Scholarships

UCD Graduate Studies Scholarships

Student excellence and achievement are recognised in UCD, through a variety of scholarships and awards. Students are advised to contact the UCD School in which they are interested in studying to ask about current funding possibilities.  

PhD Opportunity: 4-year funded PhD position in childhood cancer research

Systems Biology Ireland (SBI) is seeking a highly enthusiastic PhD student to conduct research in neuroblastoma, a childhood cancer as part of the Precision Oncology Ireland initiative.

Project Description & Background:

Systems Biology Ireland, established in 2009, has successfully developed an integrated mathematical modelling and experimental research programme focusing on the design of new diagnostic and therapeutic approaches to diseases, primarily cancer, based on a systems level, mechanistic understanding of cellular signal transduction networks. To accomplish these goals, SBI uses mathematical and computational modelling approaches in combination with cutting edge experimental technologies in proteomics, genomics, advanced microscopy and flow cytometry as well as cell biology and molecular biology methods.

Precision Oncology Ireland is a consortium of 5 Irish Universities, 6 Irish Cancer Research Charities (including the National Children's Research Centre), and 9 international companies aiming to develop new diagnostics and therapeutics for personalised cancer treatment. The Consortium is part-funded by Science Foundation Ireland under their Strategic Partnership Programme.

Neuroblastoma is one of the deadliest childhood cancers. One of the key drivers of the aggressive forms of this disease is MYCN. The prospective candidate will focus on investigating the role of MYCN amplification in the pathogenesis of neuroblastoma and validate new drug targets through global omics approaches for the therapy of high-risk MYCN-amplified neuroblastoma. The student will gain valuable knowledge in the analysis of signal transduction networks in neuroblastoma, network biology, omics techniques, and standard methods used in cell and molecular biology. The student will be enrolled in a structured PhD programme in the UCD School of Medicine which includes some taught elements and transferable skills training providing an excellent foundation for a research career in academia or industry.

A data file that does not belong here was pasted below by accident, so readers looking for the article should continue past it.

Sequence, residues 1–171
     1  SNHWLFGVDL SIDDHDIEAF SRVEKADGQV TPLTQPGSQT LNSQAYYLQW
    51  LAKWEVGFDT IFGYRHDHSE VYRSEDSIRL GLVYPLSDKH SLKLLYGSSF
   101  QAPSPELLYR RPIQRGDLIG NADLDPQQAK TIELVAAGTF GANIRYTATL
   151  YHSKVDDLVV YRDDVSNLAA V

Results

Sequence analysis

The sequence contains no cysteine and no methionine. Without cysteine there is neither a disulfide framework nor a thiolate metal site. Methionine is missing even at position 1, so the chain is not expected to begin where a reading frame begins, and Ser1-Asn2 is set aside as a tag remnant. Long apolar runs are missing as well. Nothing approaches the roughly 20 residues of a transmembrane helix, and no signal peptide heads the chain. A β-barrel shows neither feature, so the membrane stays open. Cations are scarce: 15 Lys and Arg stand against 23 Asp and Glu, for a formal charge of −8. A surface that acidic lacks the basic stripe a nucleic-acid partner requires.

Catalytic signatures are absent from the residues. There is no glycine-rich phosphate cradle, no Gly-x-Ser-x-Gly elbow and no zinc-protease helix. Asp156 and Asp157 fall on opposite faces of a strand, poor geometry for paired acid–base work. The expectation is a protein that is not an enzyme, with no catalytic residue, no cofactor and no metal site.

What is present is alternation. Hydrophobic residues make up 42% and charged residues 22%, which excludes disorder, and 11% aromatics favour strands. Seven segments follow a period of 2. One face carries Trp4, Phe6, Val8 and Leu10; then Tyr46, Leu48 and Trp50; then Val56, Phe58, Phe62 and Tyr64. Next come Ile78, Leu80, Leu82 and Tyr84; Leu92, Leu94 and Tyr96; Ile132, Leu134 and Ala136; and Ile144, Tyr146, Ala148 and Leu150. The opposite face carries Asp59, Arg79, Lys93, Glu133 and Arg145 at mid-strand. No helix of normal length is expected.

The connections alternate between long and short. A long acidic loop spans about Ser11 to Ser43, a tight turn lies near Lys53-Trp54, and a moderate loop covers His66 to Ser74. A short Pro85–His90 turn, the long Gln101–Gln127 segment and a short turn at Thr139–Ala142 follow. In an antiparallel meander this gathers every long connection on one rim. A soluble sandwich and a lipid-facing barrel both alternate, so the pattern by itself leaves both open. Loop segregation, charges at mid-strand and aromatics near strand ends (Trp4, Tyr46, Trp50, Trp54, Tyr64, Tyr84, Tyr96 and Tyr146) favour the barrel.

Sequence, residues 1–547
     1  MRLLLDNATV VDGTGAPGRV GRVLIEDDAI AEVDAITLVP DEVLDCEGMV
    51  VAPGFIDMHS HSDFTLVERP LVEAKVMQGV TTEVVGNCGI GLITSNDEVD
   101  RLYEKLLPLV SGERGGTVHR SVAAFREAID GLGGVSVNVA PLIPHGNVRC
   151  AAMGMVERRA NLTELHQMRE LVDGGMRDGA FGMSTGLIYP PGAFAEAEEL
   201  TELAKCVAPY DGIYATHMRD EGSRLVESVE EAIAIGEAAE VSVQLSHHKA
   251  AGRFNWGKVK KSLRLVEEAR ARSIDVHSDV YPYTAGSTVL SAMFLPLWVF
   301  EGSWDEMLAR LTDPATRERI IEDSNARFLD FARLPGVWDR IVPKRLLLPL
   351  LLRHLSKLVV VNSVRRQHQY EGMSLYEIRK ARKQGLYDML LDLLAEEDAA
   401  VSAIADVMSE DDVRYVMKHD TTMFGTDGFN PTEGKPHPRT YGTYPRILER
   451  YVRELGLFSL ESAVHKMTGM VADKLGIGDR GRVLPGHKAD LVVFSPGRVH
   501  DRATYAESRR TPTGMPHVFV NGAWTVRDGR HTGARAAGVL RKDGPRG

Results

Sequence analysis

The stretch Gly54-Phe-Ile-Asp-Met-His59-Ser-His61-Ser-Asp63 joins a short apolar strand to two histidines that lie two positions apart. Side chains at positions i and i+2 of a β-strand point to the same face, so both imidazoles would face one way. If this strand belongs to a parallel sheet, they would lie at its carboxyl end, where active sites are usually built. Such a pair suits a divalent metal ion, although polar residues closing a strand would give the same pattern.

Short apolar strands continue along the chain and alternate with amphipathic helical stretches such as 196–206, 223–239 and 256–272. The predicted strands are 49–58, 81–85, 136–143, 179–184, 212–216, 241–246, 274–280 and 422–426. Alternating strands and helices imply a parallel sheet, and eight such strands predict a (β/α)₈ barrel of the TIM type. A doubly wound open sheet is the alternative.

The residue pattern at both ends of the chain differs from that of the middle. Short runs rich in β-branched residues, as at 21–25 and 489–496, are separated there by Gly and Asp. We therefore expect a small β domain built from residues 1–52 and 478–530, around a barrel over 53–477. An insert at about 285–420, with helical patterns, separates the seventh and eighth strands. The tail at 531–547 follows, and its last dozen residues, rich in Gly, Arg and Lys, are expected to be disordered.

Supervisors: Dr Melinda Halasz, Professor Walter Kolch

Location: Systems Biology Ireland, University College Dublin, Belfield, Dublin 4, Ireland

Applicant Requirements: We are seeking a highly enthusiastic PhD candidate with the ability to independently plan and conduct the research project while integrating into an interdisciplinary research environment. Applicants should have a first or upper second-class honours Bachelor’s or Master’s degree in a relevant field. Excellent written, oral communication skills and a high level of competence in the English language are essential. (See UCD’s policy on minimum English language requirements here.)

Stipend & fees: The successful candidate will receive a stipend of €18,500 per annum. €5,500 will be made available towards registration fees per annum. The position is funded for four years, and subject to satisfactory progress.

Application procedure: Applicants should submit their CV, a cover letter and names and contact details of two academic referees, as a single .pdf document to melinda.halasz@ucd.ie.

Application deadline: 31 July 2020

 

PhD Opportunity: UCD School of Chemistry

Phosphorus Cations as Main Group Catalysts

We are looking for a PhD student to join the Hooper group in the School of Chemistry at University College Dublin (UCD). The project will focus on the synthesis of phosphoruscations and their application in main group catalysis. This 4-year PhD studentship is to start on the 1st of September 2020 (although some flexibility is possible) and is supported by the UCD Ad Astra Scheme and the School of Chemistry.

Background